| Patients and methods|| |
A prospective analysis was conducted on 40 consecutive patients who received different management for CSF rhinorrhea between 2016 and 2019. Details pertaining to the etiology of CSF leak, clinical presentation, surgical procedure, and hospital stay were included. Confirmation of CSF rhinorrhea was done by estimating the glucose levels in the watery discharge and beta-2 transferrin test in selected cases. Further evaluation included high-resolution computed tomography (CT) scan of the skull base and paranasal sinuses for all the cases and MRI for selected cases.
Conservative management consists of a 7–30-day trial of bed rest with the head of the bed elevated ~15–30°, stool softeners, and diuretics. Coughing, sneezing, nose blowing, and heavy lifting to be avoided was advised.
Endoscopic repair was performed by an otorhinolaryngologist, whereas osteoplastic flap and intracranial approach were done in liaison with a neurosurgeon.
Endoscopic endonasal approach was done under general? anesthesia. Nasal mucosa was decongested with infiltration of 1: 200 000 adrenaline solution. After identification of leak site/s, repair was performed using fat (harvested from thigh), fascia lata, and gelfoam. A piece of nasal septal cartilage was used to cover bony defects of size more than 1 cm. During the postoperative period, measures were taken to prevent elevation of intracranial pressure.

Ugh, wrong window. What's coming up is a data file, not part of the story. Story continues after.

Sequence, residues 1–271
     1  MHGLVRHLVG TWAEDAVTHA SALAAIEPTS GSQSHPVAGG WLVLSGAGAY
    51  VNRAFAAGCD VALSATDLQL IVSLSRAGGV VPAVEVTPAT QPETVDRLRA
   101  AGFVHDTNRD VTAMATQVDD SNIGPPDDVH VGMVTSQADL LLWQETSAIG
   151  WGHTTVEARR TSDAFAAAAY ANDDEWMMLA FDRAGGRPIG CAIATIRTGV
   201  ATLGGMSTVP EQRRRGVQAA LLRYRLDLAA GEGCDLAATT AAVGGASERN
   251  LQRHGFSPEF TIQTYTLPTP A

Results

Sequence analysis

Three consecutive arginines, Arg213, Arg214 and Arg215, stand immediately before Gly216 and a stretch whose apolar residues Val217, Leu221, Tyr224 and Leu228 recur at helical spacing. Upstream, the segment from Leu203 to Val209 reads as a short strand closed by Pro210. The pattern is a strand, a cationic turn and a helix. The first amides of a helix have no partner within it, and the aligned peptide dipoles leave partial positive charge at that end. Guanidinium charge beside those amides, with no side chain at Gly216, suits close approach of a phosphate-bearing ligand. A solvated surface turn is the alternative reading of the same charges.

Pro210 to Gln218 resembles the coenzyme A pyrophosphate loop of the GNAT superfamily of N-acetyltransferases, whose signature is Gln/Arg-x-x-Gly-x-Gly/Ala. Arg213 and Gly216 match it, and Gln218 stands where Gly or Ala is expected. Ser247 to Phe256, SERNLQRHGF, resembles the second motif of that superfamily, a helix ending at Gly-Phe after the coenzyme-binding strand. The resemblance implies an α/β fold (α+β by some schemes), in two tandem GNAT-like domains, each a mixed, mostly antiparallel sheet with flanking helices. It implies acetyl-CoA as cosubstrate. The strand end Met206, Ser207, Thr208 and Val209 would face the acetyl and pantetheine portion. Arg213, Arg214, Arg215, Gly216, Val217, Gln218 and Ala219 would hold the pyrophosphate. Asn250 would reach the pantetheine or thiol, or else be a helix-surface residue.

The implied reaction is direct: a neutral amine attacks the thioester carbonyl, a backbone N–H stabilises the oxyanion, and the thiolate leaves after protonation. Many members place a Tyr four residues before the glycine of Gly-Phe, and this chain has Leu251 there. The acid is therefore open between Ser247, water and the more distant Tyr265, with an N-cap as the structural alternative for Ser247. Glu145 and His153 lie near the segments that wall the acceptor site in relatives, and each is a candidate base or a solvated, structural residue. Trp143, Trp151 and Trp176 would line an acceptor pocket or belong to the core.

The first follow-up visits were scheduled between 2, 4, and 12 weeks after discharge, and subsequent visits were planned per the convenience of the patient. Telephonic interviews were carried out for patients who were not compliant with follow-up.
| Results|| |
A total of 40 patients underwent management at the hospital during the study period: traumatic (n=16), spontaneous (n=19), and postprocedural or iatrogenic (n=5). Male sex predilection was noted in the posttraumatic leaks [Table 1]. Spontaneous leaks were more common in female patients (age group 40–59 years). The incidence of traumatic CSF leaks was highest in young adult males (20–39 years). All patients presented with a watery discharge from the nostril. Clinical presentation consistent with meningitis was? noted in seven posttraumatic leaks and one postprocedural CSF leak. Postprocedural leaks were observed in four patients following endoscopic sinus surgery and one patient following craniotomy with resection of clinoidal meningioma.